Symbol is indeed one of the building blocks of changes, but it’s not meant to dictate the world we live in. There are symbols we should preserve, and there are symbols we should correct. The article below explains semiotically how traditional/ancient symbols are still relevant in correspond to today’s context, thus we need to preserve, cultivate, and most importantly, apply its wisdom in our daily live.

(BP/RR)


Symbols and Visual Meanings on “Respect Each Other, Care the Environment” Murals

By D. Adikara Rachman*

The murals are presented in three level of layers: the underworld, which is about water, the middle world, which is the representation of land, and the upper world, which tells about celestial events. The interconnectivity of the symbols present in all layers of the world is complete cycle in building the visual narrative that is relevant to our current context. The visual narrative serves as the content of the murals, which depicts human interaction that is based on equality and trust, and humans’ connection with their environment in a broader sense, which is based on the awareness of functionality. The murals’ artistic value is formed by the contour in each object that also functions as ornaments. The dots are introduced in every area to fill the space. Bright and contrasting colours are used to depict tropical environment. The decorative elements – the ornaments on the murals – are inspired by the spirit of batik from northern coast of Java, which can be seen in the gender characteristic in wayang and stained glass art from Cirebon. All murals depict the pastoral atmosphere.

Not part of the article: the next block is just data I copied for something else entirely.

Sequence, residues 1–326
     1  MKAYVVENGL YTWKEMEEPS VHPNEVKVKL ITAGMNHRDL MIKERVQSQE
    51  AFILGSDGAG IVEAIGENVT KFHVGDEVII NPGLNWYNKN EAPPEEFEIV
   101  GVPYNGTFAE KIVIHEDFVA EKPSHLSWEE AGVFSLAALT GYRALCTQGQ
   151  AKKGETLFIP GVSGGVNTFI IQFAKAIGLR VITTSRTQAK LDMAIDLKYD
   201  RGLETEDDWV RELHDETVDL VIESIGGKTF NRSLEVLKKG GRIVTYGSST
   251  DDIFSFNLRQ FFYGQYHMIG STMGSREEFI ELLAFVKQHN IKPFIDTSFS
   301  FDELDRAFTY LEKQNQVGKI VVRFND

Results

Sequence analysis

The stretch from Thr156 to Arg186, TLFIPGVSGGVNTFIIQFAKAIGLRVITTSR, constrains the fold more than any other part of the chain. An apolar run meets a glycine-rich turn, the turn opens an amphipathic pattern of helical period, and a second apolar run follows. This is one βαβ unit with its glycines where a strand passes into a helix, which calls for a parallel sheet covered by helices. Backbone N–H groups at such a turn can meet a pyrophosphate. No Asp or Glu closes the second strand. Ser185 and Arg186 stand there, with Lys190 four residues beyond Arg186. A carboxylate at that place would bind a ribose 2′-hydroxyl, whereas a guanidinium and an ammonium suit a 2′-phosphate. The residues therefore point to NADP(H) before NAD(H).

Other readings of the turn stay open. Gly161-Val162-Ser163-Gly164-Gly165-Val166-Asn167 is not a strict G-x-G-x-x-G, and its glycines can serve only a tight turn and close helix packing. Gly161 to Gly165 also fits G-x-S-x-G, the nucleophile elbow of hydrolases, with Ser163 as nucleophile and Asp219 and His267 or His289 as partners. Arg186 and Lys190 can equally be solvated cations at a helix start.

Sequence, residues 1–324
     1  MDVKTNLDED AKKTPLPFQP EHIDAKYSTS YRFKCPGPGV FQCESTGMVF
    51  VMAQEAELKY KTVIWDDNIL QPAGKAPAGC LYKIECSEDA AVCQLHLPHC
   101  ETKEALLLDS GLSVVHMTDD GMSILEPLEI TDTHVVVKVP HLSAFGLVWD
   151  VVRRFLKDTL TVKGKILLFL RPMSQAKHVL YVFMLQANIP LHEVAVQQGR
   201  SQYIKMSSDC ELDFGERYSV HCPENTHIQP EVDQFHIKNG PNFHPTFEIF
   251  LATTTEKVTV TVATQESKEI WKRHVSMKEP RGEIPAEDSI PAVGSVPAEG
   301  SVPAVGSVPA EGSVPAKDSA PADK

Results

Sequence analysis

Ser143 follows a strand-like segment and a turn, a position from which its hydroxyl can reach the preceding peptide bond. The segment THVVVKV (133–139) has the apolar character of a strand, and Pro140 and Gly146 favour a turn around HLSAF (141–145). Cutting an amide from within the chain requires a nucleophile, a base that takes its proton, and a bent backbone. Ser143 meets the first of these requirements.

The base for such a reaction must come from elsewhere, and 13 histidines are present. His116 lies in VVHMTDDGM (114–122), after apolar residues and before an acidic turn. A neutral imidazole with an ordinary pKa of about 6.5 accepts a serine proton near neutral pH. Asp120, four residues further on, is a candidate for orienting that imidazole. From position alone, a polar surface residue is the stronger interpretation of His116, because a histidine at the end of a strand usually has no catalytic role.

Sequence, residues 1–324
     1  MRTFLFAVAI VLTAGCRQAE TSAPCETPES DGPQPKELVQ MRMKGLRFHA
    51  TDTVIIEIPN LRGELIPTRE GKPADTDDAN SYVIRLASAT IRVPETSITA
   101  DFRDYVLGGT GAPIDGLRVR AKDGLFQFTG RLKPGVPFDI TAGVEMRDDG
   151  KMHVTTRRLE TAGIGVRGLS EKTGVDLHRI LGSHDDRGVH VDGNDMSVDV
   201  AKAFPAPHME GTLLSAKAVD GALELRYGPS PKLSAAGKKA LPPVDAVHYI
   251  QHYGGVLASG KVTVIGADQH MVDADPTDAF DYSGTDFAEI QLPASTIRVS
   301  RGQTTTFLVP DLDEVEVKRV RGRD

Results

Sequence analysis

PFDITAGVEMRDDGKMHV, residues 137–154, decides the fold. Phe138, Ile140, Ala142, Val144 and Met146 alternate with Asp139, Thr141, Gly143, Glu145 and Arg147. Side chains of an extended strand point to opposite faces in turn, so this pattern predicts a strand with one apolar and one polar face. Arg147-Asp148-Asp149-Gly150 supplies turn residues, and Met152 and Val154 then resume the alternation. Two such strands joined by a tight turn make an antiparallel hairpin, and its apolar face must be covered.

Photo Courtesy of Friday Art Design Session

On the top right of this 3×3 meters-wall, one can see the picture of an active volcano that symbolises the warm, tropical climate of Indonesia and its fertile land where agriculture, traditions, and creations are born. The picture of a man and a woman facing together, which is shaped in the likeness of that in wayang, is the symbol of regeneration. It represents the next generations of the guardian of the environment, built on an inter-gender dialogue on the basis of equality in terms of roles and positions. The clouds, drawn based on mega mendung pattern from Cirebon batik, represent the weather and climate cycle. On the bottom right one can see a picture of a fish, symbolising a healthy body of water. Other complementing objects such as plants, flowers, water flow, and fields are added to further strengthen the meanings.